Rabat – A report by Family Optimise, a British NGO that studies daily life and its patterns, has recently released a study that indicates an increasing of women in Morocco are choosing to remain single until later in life, with over 60 percent of women at a marriageable age said to be single and more career-oriented.
The British NGO indicates that the figures capture a slow but assured change in some formerly entrenched social practices, especially with regards to traditional notions of the “rightful place of women in society.”
The number of single women has increased by 4.6 percent, says Family Optimise, adding that a whopping 60 percent of Moroccan women–approximately 8 million women–are single or ‘unmarried.’
By and large, the study’s results suggest that Moroccan women are increasingly inclined to marry in their late twenties or early thirties, with many of them valuing their personal careers, and saying that a late marriage is usually a springboard to a successful and “fulfilled personal and family life,” particularly when it comes to raising children with an education that can guarantee them success later in life.
Commenting on the trend, Moroccan newspaper Al Ahdath Al Magrhibia reports that the results place Morocco in the category of countries in the Arab world where there are discernible steps to challenge societal notions and taboos regarding gender and society.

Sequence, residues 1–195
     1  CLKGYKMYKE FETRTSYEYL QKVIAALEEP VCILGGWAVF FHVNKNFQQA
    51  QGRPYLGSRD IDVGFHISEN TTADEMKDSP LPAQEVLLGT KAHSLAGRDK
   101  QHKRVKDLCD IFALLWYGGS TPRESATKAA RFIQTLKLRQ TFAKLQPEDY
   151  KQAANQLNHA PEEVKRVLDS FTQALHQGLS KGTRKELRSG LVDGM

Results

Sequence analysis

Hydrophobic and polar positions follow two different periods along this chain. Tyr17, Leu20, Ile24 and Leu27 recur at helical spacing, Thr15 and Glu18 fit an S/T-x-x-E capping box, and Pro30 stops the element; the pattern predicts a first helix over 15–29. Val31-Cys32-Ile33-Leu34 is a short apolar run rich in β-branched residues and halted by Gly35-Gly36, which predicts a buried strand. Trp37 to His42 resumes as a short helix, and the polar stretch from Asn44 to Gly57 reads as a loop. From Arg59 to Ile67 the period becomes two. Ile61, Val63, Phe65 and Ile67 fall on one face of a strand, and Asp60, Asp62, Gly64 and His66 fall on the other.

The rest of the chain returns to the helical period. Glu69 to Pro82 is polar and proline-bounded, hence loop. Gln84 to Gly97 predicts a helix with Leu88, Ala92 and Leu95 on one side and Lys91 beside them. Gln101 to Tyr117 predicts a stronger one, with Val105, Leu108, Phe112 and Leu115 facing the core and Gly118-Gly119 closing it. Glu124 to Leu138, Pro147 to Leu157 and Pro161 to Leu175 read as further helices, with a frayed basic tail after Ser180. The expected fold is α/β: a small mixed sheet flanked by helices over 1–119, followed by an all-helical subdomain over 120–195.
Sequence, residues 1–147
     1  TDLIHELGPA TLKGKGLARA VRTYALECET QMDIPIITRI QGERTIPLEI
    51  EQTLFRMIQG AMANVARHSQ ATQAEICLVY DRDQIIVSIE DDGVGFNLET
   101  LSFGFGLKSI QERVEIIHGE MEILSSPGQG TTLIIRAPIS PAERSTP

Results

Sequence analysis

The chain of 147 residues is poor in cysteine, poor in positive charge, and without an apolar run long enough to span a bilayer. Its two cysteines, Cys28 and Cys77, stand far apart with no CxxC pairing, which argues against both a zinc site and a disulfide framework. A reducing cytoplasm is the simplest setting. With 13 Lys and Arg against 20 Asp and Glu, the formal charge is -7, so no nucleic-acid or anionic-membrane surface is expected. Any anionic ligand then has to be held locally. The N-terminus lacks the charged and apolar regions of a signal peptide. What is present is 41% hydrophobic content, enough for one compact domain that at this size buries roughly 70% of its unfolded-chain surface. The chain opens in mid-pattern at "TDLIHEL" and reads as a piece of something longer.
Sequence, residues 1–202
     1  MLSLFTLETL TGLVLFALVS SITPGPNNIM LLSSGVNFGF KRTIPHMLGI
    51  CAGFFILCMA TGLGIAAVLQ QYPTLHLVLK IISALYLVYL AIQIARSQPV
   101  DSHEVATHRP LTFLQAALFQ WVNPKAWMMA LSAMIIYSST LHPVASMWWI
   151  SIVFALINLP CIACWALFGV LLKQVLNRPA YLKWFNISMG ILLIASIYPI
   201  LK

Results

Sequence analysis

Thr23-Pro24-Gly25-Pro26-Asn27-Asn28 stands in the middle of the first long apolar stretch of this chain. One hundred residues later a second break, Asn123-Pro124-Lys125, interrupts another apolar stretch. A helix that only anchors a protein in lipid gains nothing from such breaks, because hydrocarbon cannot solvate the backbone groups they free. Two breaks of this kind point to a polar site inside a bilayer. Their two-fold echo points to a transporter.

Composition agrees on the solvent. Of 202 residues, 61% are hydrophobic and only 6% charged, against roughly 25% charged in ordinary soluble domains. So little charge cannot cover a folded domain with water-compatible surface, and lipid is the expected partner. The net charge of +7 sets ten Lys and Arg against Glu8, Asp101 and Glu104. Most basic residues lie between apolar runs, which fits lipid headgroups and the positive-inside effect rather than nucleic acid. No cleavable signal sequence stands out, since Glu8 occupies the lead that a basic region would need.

The newspaper documents that with 60 percent in Morocco, only Lebanon and Iraq (85%) and Tunisia (81%) outperform the Kingdom in the now-growing trend of single women. Lagging behind are Saudi Arabia (36%) and Qatar (41%).
Perhaps even more surprisingly, Al Ahdath Al Magrhibia further reports that as things now stand in Morocco, marriage is 27 for men and 28 for women, indicating the fading or waning weight or families and tradition on decisions concerning private and intimate choices, explains the newspaper. Estimates also reveal that interfamilial marriages have drastically decreased, dropping from 33 percent to 21 percent.
The trend is confirmed by the latest statistics from the High Commissioner for Planning (HCP) which found that the country has been experiencing a considerable decrease in the number and practice of early marriages. According to HCP, Morocco’s average marriage age is now 26, up from 20. The same source also indicated that this new trend has been a driving force in decreasing Morocco’s fertility or reproduction rate.
“Mentalities are changing” the report concluded, explaining that as result of advanced education, Moroccan women are growing to be more assertive and expressive: they want to be present as integral part in the public debate and shape society, not just as mothers or daughters, but rather as financially autonomous and politically independent individuals.